A lot of people usually comment things like: "It should be the screen readers responsibility to figure out what's on screen. Do some OCR and image recognition and whatever and boom!"
Think about it. That won't work. Not only are there many different fonts that OCR just simply cannot read, but also things like interacting with those controls present a major hurtle at that point. Is it a checkbox, a button, or a button checkbox hybrid? Is it a slider? Is this a fancy button or a turnable knob? What about scrolling text?
Is this syntax highlighting or spelling errors or both? Or does it just mean I selected something? What about if I use another app? We can infer what things mean from context, but can OCR and image recognition? Does it know this is a code editor or a text editor? What if it's Emacs and it's literally everything?
This is why accessibility API's exist. There's a lot of context that would be lost if there was just OCR and image recognition.
iOS has this exact thing using artificial intelligence and while that's awesome in about 75 percent of cases it still fails to do its job properly. It helps getting around quirks, but I haven't found an app that was completely inaccessible that suddenly worked flawlessly. Don't get me wrong, I'm very much happy that it exists and it's super helpful. But there's just no way it will replace any other traditional accessibility in the state it's now.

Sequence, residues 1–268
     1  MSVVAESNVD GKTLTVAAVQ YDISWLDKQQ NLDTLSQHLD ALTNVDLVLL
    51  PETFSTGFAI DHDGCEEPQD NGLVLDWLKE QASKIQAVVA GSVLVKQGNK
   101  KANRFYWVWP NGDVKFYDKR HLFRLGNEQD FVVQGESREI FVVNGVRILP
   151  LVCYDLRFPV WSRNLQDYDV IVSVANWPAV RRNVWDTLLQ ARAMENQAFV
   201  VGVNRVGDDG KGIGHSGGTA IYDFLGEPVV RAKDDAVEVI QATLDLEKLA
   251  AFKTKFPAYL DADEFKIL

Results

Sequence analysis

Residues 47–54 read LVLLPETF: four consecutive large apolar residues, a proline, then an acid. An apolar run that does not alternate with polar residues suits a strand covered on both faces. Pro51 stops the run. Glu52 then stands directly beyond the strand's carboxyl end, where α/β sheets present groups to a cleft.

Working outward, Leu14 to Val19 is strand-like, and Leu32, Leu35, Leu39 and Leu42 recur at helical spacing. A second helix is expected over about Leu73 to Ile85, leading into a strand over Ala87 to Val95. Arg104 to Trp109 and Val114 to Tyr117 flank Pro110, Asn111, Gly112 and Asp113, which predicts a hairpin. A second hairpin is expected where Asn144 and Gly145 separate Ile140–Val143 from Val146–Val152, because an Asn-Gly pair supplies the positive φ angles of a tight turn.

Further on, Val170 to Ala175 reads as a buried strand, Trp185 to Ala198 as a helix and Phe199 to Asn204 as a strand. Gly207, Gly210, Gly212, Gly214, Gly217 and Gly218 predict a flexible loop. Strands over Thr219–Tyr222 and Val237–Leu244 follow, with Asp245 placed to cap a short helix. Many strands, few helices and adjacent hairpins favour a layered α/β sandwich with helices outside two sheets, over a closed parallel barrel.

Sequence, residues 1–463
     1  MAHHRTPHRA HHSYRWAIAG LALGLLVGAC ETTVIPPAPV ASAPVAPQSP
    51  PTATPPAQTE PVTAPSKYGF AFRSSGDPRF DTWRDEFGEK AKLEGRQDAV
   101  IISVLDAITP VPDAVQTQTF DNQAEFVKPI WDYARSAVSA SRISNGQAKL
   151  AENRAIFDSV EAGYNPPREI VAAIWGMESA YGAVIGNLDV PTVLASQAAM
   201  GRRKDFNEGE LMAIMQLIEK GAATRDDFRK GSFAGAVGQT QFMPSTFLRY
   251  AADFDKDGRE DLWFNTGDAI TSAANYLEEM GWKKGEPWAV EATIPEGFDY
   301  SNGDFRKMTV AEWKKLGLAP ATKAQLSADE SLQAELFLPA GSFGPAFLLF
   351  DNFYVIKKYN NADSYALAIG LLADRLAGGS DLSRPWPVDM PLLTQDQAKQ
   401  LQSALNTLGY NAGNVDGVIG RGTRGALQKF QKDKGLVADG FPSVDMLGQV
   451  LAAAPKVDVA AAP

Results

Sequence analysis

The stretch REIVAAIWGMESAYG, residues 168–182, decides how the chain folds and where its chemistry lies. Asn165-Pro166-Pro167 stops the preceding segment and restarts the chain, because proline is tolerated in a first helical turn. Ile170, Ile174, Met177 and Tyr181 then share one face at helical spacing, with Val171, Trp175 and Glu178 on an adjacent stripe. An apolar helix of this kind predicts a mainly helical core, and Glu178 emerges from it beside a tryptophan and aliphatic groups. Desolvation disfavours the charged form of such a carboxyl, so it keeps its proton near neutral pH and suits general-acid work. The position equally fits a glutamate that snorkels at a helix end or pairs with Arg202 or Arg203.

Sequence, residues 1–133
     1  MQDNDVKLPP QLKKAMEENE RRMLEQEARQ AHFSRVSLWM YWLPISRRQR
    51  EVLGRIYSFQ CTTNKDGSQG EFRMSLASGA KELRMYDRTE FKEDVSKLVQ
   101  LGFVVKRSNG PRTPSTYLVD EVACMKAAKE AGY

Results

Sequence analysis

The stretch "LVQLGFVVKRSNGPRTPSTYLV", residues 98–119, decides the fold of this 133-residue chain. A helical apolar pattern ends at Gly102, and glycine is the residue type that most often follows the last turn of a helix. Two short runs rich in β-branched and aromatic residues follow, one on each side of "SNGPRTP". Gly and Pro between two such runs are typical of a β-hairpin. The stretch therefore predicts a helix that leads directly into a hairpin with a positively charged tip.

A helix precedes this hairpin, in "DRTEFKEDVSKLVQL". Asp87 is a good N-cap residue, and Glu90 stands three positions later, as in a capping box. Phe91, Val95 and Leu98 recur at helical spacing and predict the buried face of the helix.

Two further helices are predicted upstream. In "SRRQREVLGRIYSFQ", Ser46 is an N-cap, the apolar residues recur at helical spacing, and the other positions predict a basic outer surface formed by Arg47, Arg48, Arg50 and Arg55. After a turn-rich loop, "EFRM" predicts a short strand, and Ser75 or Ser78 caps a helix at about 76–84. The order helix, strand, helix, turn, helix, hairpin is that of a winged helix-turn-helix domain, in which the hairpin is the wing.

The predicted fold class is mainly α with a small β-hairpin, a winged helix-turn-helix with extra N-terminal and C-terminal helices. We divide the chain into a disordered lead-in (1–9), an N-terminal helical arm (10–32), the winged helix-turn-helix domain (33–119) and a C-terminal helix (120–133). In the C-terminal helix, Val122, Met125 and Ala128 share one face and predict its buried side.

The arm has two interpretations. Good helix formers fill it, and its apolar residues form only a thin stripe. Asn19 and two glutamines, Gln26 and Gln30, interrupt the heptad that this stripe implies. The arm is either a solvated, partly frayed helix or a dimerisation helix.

I was never able to explore screenshots for example, but now I can. I can even look at memes and most of the time, the image explorer does a pretty good job. But translating UI's like that just... doesn't work yet. Or maybe ever.
@talon totally on board with all of these but just wanted to add something as an ai researcher who knows a decent amount about OCR etc. This is unlikely to work well enough for actual use for a long time and personally I think using OCR en lieu of actual accessibility is a terrible idea please don't do that.
As another aside this kind of "not my job"-ism in software really annoys me, we all have to be part of the solution!
@secretlySamantha I understand both sides to a degree. Accessibility API's and accessibility in general can be difficult to wrap your head around, especially if they provide no benefit to you as the developer. Even as someone that needs them I'm still regularly confused by how it all works, especially in a cross platform manner. Luckily I was made aware of https://www.accesskit.dev which hopes to solve this problem and I really hope people will pick it up.
Still, the fact that web tech based apps are usually more accessible than "native" apps is somewhat disappointing.
@talon Here's the thing though it does give you a benefit as a developer. Because if your GUI is easier to read for computers then it's much much easier to test properly which devs should be and in most cases are already doing. I'm really surprised that people don't seem to realise this. (sorry if I'm being a bit intense, this is not necessarily directed at you, it's just a thing that really confuses me)
@talon again, sorry if I'm being a bit intense, I really do just agree with pretty much all of your points. it does feel very weird that web apps are somehow at the forefront
@secretlySamantha No worries. I mean you're right. It would help with testability and usability both. It's an excuse for sure, especially for well established GUI frameworks and libraries.
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